A recent map of Miami county, published by Rand, McNally & Company, shows a small hamlet called Brownell in the southern part of See tion 1, in the northeast corner of Peru township. The same authority gives the population as 12, accompanied by the statement that these few people receive mail by rural delivery from Peru. Brownell is a stopping point on the Winona Interurban railway that runs from Peru to Warsaw, but it has no business interests of any consequence.


Just south of Pipe Creek, in the southeast corner of Pipe Creek township, lies the town of Bunker Hill. It was platted 1851 by Alexander Galbraith, James Myers and John Duckwall The original plat included 46 lots and in June, 1852, Mr. Duckwall platted an addition of 24 lots. James Myers, one of the proprietors, built the first house in the town in 1851 and the second was probably the dwelling of Andrew Bache, which was built later in the same year. For a time the growth of the town was rather slow, only ten or a dozen houses having been erected in 1858. In 1859 the postoffice was established at Bunker Hill and about the same time, perhaps a little earlier, Dr. Hubbard opened the first store. The store of Ewing & Howard was opened in 1861, at the corner of Fourth and Main streets. In January, 1868, the Pan Handle railroad was completed. As this line crosses the Lake Erie & Western at Bunker Hill, the coming of the new railroad added to the growth and prosperity of the town. New additions were laid out south of the Pan Handle, the first house in that part of the town having been built by Dr. J. A. Meek, in 1866. Since that time at least ten additions have been made to Bunker Hill.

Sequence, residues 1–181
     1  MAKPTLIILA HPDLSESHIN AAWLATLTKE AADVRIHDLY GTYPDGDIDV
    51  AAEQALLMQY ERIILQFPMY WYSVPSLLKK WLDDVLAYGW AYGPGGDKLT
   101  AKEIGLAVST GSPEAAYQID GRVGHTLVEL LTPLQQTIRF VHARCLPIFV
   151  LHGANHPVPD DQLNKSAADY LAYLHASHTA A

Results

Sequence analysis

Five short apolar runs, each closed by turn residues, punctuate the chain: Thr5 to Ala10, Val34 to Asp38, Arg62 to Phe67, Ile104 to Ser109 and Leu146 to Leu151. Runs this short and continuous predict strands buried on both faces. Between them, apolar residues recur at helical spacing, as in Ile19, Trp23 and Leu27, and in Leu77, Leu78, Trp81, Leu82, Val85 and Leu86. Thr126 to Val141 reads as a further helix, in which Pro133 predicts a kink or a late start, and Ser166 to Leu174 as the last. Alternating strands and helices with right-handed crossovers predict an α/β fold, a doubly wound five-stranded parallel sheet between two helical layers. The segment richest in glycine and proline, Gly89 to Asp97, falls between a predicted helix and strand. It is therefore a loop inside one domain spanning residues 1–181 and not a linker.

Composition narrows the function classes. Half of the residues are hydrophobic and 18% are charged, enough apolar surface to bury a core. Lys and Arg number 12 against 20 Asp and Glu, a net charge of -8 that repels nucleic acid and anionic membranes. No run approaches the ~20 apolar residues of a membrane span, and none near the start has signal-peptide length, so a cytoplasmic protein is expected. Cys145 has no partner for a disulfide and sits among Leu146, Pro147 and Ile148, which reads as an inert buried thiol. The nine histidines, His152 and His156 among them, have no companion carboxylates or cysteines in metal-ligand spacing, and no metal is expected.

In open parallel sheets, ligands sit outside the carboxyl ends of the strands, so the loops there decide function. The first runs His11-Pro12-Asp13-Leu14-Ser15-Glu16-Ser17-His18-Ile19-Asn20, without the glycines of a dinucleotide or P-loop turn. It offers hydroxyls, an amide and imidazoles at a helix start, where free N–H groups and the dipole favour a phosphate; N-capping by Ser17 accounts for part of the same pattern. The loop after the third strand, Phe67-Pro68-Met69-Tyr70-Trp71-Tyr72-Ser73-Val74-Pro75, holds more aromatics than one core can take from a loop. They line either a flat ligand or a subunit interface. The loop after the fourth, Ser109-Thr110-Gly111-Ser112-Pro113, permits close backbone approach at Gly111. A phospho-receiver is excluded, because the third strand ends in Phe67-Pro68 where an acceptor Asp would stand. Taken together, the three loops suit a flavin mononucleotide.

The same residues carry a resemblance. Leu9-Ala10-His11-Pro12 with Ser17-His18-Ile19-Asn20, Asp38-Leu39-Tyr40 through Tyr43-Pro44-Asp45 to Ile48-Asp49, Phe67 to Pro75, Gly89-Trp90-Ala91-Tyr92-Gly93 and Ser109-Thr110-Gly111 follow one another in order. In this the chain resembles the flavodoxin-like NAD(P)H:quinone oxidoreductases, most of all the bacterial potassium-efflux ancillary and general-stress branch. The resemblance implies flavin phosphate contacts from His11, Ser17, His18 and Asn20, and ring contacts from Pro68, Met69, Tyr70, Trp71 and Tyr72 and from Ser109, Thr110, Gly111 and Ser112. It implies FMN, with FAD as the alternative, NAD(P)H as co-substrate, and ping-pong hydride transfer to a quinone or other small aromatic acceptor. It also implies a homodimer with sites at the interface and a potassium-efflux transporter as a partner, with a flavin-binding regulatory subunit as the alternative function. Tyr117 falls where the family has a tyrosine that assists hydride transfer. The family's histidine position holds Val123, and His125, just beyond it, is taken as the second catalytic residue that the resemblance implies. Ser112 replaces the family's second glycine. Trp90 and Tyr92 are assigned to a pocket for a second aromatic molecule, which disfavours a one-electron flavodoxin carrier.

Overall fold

The first physician was Dr. Hubbard, who also was the first merchant. It is related to him that he carried his medicines in a small tin pail and that he was never in "too big a hurry," on his way to visit a patient, to stop long enough to trade horses. The second physician was Dr. J. A. Meek, who located there in the spring of 1858 and continued in practice for many years.

About the close of the Civil war Samuel Valentine started a tin shop, and a little later a man named Lane began business as a cabinetmaker. The first hotel was opened in 1868 by George Larimer, near the junction of the Lake Erie and Pan Handle railroads. William Hendricks' sawmill was built about the same time. In 1870 Jasper H. Keyes started a newspaper called the Village News, and in 1871 the first hardware store was opened by C. T. Miller. During the next five years a number of new business houses were established in Bunker Hill. An election was held on October 21, 1882, to vote on the question of incorporating the town. At that election eighty four voted in favor of the incorporation and thirty seven against it. The county commissioners canvassed the result of the election on November 6, 1882, and the same day ordered the incorporation of Bunker Hill.